In Lewis, the defendant's plea agreement provided that "'[t]he defendant, the defendant's attorney, and the Government attorney may make whatever comment and evidentiary offer they deem appropriate at the time of the guilty plea, sentencing, or any other proceeding related to this case.'" Id. at 760. "The district court accepted the plea agreement and 'agreed to be bound by that agreement.'" Id. (alteration omitted). Thereafter, the government moved to reduce the defendant's sentence pursuant to Rule 35(b) "due to his 'substantial assistance in the investigation and prosecution of other individuals who have committed criminal offenses.'" Id. In the motion, the government "briefly discussed the assistance that [the defendant] had provided, including testifying for the State of Illinois in the first-degree murder trial of Marcus Northern." Id. The government "also noted that [the defendant] had 'indicated that his family has been threatened by associates of Mr. Northern due to [the defendant's] testimony against him.'" Id. The government recommended a 20-percent reduction in the defendant's sentence. Id.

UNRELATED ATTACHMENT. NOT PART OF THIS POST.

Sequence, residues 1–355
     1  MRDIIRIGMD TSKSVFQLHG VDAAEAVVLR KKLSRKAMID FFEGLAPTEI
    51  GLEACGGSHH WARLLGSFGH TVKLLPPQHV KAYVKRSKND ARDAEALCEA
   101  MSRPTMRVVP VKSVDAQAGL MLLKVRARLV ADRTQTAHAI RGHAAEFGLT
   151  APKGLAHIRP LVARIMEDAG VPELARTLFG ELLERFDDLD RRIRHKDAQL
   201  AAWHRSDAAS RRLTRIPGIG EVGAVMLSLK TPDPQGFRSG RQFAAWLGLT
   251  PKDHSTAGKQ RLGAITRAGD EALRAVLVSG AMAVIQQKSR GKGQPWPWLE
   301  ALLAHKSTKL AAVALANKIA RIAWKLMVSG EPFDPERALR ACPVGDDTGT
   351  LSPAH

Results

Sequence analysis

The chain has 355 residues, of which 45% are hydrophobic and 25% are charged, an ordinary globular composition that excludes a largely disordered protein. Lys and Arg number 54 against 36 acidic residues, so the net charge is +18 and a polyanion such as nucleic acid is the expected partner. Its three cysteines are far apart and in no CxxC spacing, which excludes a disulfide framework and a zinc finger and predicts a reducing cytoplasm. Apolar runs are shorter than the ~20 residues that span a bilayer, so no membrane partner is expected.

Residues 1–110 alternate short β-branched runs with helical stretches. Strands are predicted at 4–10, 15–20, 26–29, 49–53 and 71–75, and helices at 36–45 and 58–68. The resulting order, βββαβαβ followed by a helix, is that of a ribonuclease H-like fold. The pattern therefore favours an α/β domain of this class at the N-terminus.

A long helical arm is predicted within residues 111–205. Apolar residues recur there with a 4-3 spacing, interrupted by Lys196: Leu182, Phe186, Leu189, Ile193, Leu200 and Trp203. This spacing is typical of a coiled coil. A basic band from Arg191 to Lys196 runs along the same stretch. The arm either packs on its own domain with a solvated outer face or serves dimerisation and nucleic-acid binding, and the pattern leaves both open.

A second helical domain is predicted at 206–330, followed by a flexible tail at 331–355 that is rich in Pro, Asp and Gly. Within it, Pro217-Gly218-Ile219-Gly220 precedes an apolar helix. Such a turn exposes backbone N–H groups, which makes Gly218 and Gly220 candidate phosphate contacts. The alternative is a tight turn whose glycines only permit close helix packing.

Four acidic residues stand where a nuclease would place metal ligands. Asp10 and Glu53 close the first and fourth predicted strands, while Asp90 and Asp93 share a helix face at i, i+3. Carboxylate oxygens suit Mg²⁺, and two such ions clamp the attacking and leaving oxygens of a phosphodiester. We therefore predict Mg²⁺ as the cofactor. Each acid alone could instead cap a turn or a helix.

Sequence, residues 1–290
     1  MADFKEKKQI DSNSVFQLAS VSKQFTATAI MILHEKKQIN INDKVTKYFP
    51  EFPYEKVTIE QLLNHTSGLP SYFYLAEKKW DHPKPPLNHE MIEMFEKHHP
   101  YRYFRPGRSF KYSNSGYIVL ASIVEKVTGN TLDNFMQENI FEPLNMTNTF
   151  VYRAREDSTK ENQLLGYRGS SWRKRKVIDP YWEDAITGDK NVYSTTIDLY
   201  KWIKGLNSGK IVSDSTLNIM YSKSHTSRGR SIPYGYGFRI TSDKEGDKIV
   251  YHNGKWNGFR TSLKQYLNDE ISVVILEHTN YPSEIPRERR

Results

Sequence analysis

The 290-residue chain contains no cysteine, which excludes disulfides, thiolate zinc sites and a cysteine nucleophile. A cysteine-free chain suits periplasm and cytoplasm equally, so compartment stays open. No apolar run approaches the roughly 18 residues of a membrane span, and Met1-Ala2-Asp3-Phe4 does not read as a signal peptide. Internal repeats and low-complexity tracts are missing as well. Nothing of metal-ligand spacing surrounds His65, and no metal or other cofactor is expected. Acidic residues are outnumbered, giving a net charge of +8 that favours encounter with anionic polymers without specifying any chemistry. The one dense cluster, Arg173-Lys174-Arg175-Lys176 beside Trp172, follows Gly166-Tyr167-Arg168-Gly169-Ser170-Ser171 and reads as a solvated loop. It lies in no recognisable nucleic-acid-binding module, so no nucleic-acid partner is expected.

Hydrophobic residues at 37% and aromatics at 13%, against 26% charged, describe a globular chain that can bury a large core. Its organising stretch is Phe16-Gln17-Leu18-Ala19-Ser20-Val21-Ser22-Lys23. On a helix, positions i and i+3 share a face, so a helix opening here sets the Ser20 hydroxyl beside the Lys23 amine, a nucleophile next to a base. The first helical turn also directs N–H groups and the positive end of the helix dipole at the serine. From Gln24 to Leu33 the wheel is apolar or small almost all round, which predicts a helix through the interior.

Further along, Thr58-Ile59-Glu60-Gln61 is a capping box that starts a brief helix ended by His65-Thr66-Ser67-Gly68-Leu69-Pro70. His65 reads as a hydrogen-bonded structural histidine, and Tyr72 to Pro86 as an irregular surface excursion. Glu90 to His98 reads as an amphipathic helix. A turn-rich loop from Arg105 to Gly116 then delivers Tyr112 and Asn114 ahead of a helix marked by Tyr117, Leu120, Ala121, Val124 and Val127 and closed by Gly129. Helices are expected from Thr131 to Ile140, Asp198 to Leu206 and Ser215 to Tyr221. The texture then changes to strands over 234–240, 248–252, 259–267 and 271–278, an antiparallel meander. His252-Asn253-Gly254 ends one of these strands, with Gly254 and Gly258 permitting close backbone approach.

The district court held a telephonic hearing on the Rule 35(b) motion. "[The defendant] did not participate in the hearing, nor was he even aware that the motion had been filed. However, [the defendant's] counsel participated in the hearing and did not object to [the defendant's] absence." Id. The government argued that the court should only grant the 20-percent reduction because the defendant "is 'a rather notorious thug' whose offense was 'extremely egregious.'" Id.